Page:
Without a doubt, the main reason you will stay at Duinrell is the Tikibad. Aside from the fact that it is a genius addition to a park where the weather isn’t always of the beach variety, it is quite simply the most fun you will ever have in a soggy swimsuit. I’m not the biggest fan of water parks since passing the hedonistic age of 21, preferring to stay dry and warm, and to keep all my belongings where I can see them. But I was the first to beg for another day at the Tikibad, once I’d sampled the steep racing plunges and neon-lit tunnels.
Love the Tikibad
Here’s how to rekindle your love of water-parks and get the most out of your day here:
- Get there early. The Tikibad opens at 10am, and it’s worth getting in line around 15 minutes beforehand. Just so you don’t stand in the queue for too long. Don’t panic about the queue though – it’s not indicative of the number of people inside, more the number of people they won’t allow in until someone comes out. It’s never truly crowded, and the maximum time we queued for a slide was around 15 minutes. It’s often a lot less.
- You’ll probably stay around 2 hours on your first visit, so pay for that. If you do decide to stay longer, you can pay the extra on your way out, but be aware that it’s slightly more than if you’d paid it on your way in. The entry cost is 4 Euros per person, with 2 Euros for every extra hour.
- Don’t worry about shivering in a manky puddle while you queue either; the Tikibad is warm, and you never feel cold out of the water – unless you’ve been in there for 5 hours, which is actually a distinct possibility.
- Changing rooms are also warm, and even more important, clean. There are plenty of family-sized cubicles too.
What to take with you
- Make sure you have your park ID card with you – you can get these in the main reception. It’s helpful to take some passport photos with you to avoid the hassle of getting them on site.
- A pen and paper. The lockers here work on a pin code – choose one that you’ll remember easily. Personally I find getting the children to remember our locker number very effective! However, it’s easy to forget, so scribble it down somewhere and stick it in your poolside bag.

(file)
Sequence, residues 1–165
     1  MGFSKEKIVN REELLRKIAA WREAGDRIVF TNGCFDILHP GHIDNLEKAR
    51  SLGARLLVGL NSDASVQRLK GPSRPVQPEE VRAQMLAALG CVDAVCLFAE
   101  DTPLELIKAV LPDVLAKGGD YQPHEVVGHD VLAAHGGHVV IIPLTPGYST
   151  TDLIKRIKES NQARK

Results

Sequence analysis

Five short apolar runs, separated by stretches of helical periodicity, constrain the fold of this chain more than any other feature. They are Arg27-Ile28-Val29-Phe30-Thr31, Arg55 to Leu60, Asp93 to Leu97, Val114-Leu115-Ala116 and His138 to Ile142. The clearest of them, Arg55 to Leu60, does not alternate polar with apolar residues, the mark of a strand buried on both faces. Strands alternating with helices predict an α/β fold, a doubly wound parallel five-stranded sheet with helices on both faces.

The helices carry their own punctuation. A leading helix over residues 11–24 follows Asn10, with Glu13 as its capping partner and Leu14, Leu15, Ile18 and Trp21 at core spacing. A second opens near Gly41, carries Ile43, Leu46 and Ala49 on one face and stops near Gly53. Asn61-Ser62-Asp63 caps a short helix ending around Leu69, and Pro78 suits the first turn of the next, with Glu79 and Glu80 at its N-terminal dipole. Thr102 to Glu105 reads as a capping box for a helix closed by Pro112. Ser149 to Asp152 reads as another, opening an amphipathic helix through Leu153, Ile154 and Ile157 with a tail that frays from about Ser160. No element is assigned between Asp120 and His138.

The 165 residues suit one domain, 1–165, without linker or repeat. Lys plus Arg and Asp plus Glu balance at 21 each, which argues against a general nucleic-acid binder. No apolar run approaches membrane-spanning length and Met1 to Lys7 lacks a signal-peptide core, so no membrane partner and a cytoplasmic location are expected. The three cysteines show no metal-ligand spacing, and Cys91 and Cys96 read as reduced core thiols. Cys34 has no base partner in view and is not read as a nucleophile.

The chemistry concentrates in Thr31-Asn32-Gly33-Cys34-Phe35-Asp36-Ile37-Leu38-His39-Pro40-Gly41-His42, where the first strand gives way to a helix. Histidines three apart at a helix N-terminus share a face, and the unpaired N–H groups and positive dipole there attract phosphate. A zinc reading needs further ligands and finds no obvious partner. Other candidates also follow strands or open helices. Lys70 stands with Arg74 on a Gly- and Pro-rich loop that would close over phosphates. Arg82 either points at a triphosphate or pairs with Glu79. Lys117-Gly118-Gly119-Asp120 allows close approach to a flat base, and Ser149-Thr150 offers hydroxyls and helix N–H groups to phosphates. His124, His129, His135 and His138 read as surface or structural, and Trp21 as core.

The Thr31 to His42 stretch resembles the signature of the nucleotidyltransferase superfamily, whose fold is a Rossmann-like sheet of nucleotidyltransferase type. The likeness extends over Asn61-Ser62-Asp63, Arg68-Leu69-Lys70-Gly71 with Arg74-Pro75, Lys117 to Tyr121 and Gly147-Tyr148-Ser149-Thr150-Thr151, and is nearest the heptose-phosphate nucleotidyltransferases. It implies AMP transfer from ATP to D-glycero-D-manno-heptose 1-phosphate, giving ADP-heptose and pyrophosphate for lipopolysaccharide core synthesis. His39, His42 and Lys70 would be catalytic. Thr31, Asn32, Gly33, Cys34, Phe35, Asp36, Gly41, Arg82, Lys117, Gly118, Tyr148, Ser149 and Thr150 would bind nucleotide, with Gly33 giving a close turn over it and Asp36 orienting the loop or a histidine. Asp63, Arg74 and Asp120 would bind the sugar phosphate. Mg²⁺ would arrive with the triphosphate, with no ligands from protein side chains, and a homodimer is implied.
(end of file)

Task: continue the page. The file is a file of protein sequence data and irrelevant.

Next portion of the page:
- A bottle of water, you’d be surprised by how dehydrated you can get in a warm pool.
- Your camera. Pool staff don’t mind you photographing, and the lockers feel very safe when you’re ready to set aside your lens and have fun.
Navigating the slides
- Observe the height restrictions, but don’t panic about the kids. I was nervous that the Bug might not cope with the two large family chutes, but he LOVED it! If in doubt, go down yourself first to check it out. The more full-one slides – well, wear a one-piece!
- Go on Moonlight and Starfright first thing in the morning, and over lunch. These are the longest queues, and there’s a very good reason. They are serious fun! You slide down these dark tunnels of neon as a twosome, in a figure eight inflated ring, and my kids wanted to do it again, and again, and again. So did Actually Daddy.
- Older children will enjoy Cycloon. It looks very very scary, but it’s perfectly safe, incredibly fast, and such a buzz. The Bug, at eight, could have done it, but was nervous. GG, aged ten, loved it. Like all these things, once you’ve done it once you conquer your fear and relax into your second go.
- Small children will love the Tikibad too; there is plenty for them to do, with toddler pools and slides, a lazy river, and a gentle wave pool.
Useful to know
- Plan to go in the morning, and you won’t need to stay there for lunch. The food at the Tikibad is basic and fried, and there are much better options on the park.
- The café does sell fresh juices and smoothies though, which are good for a quick boost if you’re flagging.
- Sometimes the evenings are quiet too, around the time that most people are back in their mobile homes and tents eating dinner.
- Don’t plan your week out too far in advance. You will want to visit the Tikibad again, even when it’s NOT raining!
Check out some of the fun in our short video: